Behind the scenes at Rio: meet the U of T physiotherapist helping Team Canada at the Olympics
As the 2016 Summer Olympics in Rio, Brazil kicks off this week, U of T's Dinah Hampson will be there with Team Canada as part of their Health Sciences Team.
Faculty of Medicine writer Julia Soudat spoke with her about sport physio, potential challenges in Rio and the excitement inside the Athletes' Village. And about how someone who “detested biomechanics” as a student, found her calling as a department of physical therapy lecturer and sport physiotherapist
What will you be doing in your role on the Health Sciences Team for Team Canada?
I will be providing physiotherapy services to athletes and Canadian team members in Tae Kwon Do, sailing, canoeing, kayaking and fencing. Along with this, my role is to do what needs doing — sometimes this means unloading buses, moving furniture or even folding socks. A Canadian Olympic clinic will be set up, where I will be spending my time when I’m not at specific sport venues.
What is your area of research and work in physical therapy?
My clinical practice is based out of a multidisciplinary clinic in Toronto and is orthopaedic in nature. I see a lot of youth athletes, dancers and artistic performers. I’m most interested in foot and ankle mechanics. This is always entertaining to me because I detested biomechanics at U of T. However, I loved anatomy and with professional maturity and education, I realized that it’s the specific joint mechanics that I really love to examine. The anatomical relationship of the bones and soft tissues become exciting when you look at what they have to do to create functional movement resulting in a performance skill. Watching sports with me can be a little annoying because I tend to comment on alignment and movement pattern as well as cheering on the athletes.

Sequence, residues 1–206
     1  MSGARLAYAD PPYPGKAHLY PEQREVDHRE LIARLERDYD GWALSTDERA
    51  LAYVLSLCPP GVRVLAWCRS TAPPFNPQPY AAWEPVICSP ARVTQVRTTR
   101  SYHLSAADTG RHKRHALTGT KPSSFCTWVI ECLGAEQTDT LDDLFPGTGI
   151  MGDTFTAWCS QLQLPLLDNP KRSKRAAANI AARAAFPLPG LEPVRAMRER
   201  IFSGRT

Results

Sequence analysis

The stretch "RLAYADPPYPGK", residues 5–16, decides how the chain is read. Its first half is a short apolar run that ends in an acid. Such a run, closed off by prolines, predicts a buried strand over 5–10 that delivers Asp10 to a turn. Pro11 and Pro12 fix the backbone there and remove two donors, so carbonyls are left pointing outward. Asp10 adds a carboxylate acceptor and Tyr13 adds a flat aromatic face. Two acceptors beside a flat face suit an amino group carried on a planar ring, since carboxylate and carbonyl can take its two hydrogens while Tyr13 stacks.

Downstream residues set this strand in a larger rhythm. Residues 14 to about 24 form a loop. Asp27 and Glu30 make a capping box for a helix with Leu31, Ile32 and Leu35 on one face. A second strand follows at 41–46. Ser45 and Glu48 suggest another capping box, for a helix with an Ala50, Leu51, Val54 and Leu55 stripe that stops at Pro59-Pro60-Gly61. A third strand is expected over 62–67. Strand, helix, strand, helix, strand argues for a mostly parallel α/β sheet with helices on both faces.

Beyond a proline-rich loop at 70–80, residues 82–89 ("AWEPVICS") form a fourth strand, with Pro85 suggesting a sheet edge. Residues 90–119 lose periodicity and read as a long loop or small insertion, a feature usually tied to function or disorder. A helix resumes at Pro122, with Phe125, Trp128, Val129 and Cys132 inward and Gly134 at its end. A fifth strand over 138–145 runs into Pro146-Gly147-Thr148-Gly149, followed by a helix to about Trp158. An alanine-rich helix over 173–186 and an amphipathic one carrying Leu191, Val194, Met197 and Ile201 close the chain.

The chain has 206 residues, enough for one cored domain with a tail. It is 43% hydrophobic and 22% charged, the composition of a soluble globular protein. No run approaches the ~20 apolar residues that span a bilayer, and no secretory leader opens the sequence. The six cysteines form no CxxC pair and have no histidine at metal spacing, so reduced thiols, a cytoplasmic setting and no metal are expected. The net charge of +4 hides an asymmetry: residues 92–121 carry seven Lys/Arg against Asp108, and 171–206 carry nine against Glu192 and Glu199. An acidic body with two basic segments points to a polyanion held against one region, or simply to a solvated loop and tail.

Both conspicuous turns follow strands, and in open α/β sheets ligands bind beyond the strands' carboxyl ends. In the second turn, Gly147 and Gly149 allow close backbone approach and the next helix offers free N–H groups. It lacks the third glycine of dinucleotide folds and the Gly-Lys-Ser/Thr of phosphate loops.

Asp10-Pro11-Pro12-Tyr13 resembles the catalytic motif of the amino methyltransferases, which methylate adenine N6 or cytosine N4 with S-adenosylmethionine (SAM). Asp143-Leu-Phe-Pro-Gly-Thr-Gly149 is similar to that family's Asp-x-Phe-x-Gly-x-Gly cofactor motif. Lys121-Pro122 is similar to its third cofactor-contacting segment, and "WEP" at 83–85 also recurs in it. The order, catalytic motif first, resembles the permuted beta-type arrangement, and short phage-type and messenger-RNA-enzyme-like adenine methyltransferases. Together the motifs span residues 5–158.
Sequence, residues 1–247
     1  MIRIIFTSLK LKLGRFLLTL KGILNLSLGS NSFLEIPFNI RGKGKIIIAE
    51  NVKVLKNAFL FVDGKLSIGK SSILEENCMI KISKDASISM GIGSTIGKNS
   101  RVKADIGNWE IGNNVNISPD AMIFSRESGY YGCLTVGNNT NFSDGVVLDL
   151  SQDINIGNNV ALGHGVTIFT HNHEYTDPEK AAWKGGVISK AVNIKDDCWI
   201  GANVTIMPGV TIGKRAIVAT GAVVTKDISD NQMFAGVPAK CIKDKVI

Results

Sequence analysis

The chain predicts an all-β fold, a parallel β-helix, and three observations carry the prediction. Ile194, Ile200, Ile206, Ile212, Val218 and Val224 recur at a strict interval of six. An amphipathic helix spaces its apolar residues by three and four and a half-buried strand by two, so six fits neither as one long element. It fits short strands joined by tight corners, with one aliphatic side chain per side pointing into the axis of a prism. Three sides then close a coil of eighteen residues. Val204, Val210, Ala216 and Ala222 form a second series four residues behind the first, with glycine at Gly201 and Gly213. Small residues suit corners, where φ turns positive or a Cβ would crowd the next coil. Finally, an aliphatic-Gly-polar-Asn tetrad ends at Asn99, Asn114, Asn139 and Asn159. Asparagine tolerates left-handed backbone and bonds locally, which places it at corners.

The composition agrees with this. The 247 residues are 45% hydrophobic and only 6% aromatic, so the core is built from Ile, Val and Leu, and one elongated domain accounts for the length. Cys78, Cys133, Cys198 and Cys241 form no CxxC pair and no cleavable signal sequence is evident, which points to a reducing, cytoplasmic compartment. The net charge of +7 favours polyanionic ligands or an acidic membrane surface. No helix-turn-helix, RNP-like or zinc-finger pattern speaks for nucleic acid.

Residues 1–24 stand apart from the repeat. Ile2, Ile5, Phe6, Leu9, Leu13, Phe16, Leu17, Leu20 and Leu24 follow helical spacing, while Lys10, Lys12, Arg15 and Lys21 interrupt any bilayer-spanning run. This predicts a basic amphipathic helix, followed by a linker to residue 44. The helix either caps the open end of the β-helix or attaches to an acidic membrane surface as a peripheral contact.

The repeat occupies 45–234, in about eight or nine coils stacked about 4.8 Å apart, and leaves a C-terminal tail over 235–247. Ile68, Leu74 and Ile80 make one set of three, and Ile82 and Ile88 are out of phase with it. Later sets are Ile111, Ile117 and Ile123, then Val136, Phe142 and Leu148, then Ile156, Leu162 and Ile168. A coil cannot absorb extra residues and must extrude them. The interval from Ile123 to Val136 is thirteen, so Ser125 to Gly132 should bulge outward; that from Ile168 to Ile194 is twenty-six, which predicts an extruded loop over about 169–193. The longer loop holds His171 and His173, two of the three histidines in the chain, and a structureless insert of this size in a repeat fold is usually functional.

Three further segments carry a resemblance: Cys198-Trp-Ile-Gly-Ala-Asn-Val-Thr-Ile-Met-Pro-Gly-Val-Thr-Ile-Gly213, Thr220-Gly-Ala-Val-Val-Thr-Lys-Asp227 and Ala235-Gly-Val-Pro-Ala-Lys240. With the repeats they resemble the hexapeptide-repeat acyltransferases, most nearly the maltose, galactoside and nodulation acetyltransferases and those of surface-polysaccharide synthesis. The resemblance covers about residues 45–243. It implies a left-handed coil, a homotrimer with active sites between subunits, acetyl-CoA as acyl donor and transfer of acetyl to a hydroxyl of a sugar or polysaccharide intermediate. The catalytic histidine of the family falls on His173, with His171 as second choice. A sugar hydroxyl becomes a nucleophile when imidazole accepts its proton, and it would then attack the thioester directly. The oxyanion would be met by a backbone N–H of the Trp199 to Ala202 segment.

What got you interested in sports/sports physio? Are you an athlete yourself?
Truth be told, I stunk at all sports growing up. I loved ballet and thought I would be a ballerina so all my time was spent with my legs in external rotation. This made running sports difficult and being five feet three inches tall knocked me out of most vertically challenging sports. I did have a short interlude in springboard diving which fit well with my physical facility — I just had to learn how to land on my head! At some point I decided that science won over sports and I went to university, where physio seemed to be a good fit.
I remember vividly walking into a Sport Physio class at U of T and listening to a young, energetic professor talk about the role of physio in sport, her stories and personal experience. I was so inspired that I began telling people I’d decided to go to the Olympics. I’m pretty sure they all thought I was crazy but I still get goosebumps when I tell this story and I will probably shake my head a few times in Rio when I realize I’ve actually made my dream a reality.
How did you get involved in the Olympics?
My first significant involvement with the Canadian Olympic team happened in 2010 when I interviewed for a position for the inaugural Youth Olympic Games in 2010. I was offered a spot on the Health and Science team. By this time, I had been involved in sport physio for 15 years, done endless local, provincial, national events, international single sport events and the 2008 Paralympic games in Beijing. Although I was part of a medical team of three for 62 athletes and 30 staff, we managed everything and what we experienced was truly special.
What are you looking most forward to when it comes to the Olympics?
It’s an indescribable moment when an athlete has a successful event, the Canadian flag is raised and the Canadian national anthem is played. So that is a given. However, in between those successes, I really look forward to eating in the Athlete’s Village dining hall. The dining hall is in the inner workings of Olympic life, away from media and competition. It is 10,000 athletes from around the world, sitting and enjoying a meal at the same time in the same place. You can look around and see uniforms from all over the world — people of every race, religion, and culture come together to share in the joy of sport. I can’t think of many things that match this on the “cool” factor list.
What’s your favourite Olympic sport?
I’m not sure I have a favourite Olympic sport. It may sound trite but all the sports are exciting and the passion of the athletes is intoxicating. If I could go see anything, I’d love to watch tennis. There’s something about one-on-one competition at the bottom of a sweltering bowl filled with hushed excitement that I find exhilarating. Being a sport physiotherapist means there’s a lot of volunteer time spent on the side of a field, gym, court or rink — which often means having the best seat in the house!